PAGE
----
The sponge gourd fruit is a cylindrical, smooth and dehiscent capsule, 20 - 50 cm long by 6 - 10 cm broad, which has a characteristic fibrous mesocarp. However, the seeds are numerous, dull black, elliptic-ovoid 10 - 12 mm long by 6 - 8 mm broad. It is best grown with a trellis support, requires lots of heat and lots of water to thrive [5] [6] . Gourds can be expected to mature around four months after planting after which it turns fibrous [7] [8] . Being a natural fibre it has recently attracted the attention of scientists and technologists because of the advantages that these fibres provide over conventional reinforcement materials and the development of natural fibre composites has been a subject of interest for the past few years. These natural fibres are low-cost fibres with low density and high specific properties. These are biodegradable and nonabrasive, unlike other reinforcing fibres. Also, they are readily available and their specific properties are comparable to those of other fibres used [9] [10] .

2. Experimental

2.1. Materials

1) Sponge Gourd

2) Epoxy (LY 556) and Hardener (HY 951)

3) Sodium Hydroxide

4) Distilled water

5) 88 Universal Mold Release Wax

6) Acetic Acid

2.2. Equipment

The equipment use was:

1) Digital weighing balance (Pocket Scale, Black AWS-100 g)

2) Steel mould (dumb-bell and sheet shape)

3) mm sieve, (YS-C-638)

4) Beaker and measuring cylinder (200 and 100 mils respectively)

2.3. Material Preparation

Raw sponge gourd fibre was cut opened lengthwise, the dried seeds shaken out and the dried fibrous sun-dried for six (6) hours. It was later cut into smaller sizes, grounded and then sieved with 1.0 mm sieve to obtain fine fibre particles (Figure 2). Composite samples were fabricated with 5%, 10%, 15%, 20% and 25% fillers in the ratio of 2:1 as in volume fraction using dumb-bell mould of 120 mm × 30 mm × 3 mm (Figure 3) and rectangular sheet mould of 187 mm × 125 mm × 3 mm (Figure 4) by hand laying method and finally left to air-cure for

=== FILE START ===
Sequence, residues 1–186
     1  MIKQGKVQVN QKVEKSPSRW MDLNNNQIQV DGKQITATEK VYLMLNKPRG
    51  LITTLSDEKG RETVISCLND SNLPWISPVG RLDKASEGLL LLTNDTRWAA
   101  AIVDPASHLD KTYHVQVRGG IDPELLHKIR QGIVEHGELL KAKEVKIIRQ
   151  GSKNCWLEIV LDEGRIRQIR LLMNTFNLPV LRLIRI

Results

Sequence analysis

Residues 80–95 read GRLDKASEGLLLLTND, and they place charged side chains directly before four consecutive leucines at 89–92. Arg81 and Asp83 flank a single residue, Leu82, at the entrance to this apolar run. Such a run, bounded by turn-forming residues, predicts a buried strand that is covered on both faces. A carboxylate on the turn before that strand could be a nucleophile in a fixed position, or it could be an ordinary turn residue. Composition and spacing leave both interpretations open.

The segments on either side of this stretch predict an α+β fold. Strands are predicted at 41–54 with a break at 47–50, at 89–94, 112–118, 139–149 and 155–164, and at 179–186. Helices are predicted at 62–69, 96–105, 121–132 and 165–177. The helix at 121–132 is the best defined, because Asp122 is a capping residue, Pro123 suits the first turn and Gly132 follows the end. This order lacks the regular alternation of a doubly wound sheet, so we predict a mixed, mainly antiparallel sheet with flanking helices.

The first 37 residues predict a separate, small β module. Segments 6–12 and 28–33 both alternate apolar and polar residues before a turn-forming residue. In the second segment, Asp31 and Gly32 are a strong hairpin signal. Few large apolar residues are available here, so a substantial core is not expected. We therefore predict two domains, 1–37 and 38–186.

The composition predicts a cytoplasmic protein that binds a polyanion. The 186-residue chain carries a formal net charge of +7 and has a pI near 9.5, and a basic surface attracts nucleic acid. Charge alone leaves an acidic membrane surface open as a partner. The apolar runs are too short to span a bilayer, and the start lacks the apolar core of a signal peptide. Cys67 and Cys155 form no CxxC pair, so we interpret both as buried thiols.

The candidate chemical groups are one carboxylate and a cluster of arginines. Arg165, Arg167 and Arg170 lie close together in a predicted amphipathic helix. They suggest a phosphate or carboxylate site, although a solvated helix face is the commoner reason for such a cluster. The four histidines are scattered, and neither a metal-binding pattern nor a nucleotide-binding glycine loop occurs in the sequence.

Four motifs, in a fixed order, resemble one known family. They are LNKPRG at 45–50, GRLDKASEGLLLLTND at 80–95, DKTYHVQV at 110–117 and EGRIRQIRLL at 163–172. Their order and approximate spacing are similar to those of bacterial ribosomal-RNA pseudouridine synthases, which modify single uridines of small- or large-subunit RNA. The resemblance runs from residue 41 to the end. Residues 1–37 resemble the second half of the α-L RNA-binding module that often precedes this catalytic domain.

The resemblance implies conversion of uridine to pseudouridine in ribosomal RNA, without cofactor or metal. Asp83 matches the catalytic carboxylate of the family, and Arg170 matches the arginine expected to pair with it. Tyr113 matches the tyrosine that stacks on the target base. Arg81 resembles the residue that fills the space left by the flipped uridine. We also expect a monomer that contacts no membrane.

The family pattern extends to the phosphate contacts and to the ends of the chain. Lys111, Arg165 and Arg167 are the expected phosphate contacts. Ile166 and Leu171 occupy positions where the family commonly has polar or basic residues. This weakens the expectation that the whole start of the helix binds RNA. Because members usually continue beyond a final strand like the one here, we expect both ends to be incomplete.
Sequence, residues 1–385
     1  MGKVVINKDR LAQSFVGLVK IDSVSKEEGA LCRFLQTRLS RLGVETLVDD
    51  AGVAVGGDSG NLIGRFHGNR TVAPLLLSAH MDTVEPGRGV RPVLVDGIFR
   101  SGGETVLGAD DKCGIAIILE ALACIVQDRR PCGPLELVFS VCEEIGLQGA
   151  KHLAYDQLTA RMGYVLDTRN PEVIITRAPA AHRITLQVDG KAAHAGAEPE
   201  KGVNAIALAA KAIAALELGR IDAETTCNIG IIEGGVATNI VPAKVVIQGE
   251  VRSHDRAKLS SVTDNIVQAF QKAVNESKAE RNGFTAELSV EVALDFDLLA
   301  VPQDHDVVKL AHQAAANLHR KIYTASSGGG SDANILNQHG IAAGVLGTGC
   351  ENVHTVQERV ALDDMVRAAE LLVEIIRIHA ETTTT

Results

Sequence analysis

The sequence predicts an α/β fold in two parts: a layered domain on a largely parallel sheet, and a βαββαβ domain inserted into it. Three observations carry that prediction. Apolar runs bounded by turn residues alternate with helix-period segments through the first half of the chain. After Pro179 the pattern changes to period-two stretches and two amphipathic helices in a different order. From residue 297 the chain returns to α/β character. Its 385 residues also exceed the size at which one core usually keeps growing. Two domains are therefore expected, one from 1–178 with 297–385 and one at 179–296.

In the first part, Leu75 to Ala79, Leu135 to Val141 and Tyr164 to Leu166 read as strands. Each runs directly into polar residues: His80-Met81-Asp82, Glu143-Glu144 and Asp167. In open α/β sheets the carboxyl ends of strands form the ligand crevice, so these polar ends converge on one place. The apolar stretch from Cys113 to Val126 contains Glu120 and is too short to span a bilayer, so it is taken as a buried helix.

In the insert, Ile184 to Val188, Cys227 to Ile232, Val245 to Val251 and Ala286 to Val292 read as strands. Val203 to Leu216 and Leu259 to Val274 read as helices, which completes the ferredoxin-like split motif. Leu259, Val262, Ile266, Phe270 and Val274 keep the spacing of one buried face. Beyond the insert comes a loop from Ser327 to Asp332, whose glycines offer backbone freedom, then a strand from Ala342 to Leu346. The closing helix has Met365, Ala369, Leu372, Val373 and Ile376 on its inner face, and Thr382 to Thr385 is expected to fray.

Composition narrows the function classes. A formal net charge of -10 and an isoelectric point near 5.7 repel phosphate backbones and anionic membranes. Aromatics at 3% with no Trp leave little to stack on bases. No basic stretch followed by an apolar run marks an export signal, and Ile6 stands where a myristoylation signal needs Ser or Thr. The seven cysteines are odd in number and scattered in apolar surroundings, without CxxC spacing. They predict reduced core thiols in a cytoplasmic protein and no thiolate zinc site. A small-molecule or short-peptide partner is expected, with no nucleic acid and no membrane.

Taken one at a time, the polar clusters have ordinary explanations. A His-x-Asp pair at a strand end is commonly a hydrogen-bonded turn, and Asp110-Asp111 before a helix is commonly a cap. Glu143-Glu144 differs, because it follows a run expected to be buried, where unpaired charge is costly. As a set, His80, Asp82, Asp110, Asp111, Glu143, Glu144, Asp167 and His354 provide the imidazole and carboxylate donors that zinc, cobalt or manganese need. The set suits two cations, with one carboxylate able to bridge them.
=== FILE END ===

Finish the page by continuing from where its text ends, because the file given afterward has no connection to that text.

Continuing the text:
Figure 2. Grinded sponge fibres of particle size 1.0 mm.

Figure 3. Dumb bell sponge gourd composite.

Figure 4. Rectangular sheet sponge gourd.

24 hrs. Thereafter, the laminates are taken carefully without any damage. Specimens are cut for testing as per ASTM standards.

2.4. Fibre Chemical Treatment

The fibres were immersed in NaOH solution with a concentration of 20% for 12 and 24 hours respectively at room temperature. After treatment, the fibres were washed with 2% acetic acid and again washed under running water then finally allowed to dry at room temperature for 2 days.

3. Characterization of Composite Materials

3.1. Determination of Swelling Behaviour

The specimens were weighed dried (Wi), immersed in 100 ml volume of methanol solvent at room temperature for 48 hrs. After this, the samples were filtered and the excess solvent was removed patted dry with a lint free cloth and then the final weight (Wf) was noted. The percent swelling was calculated using Equation (1).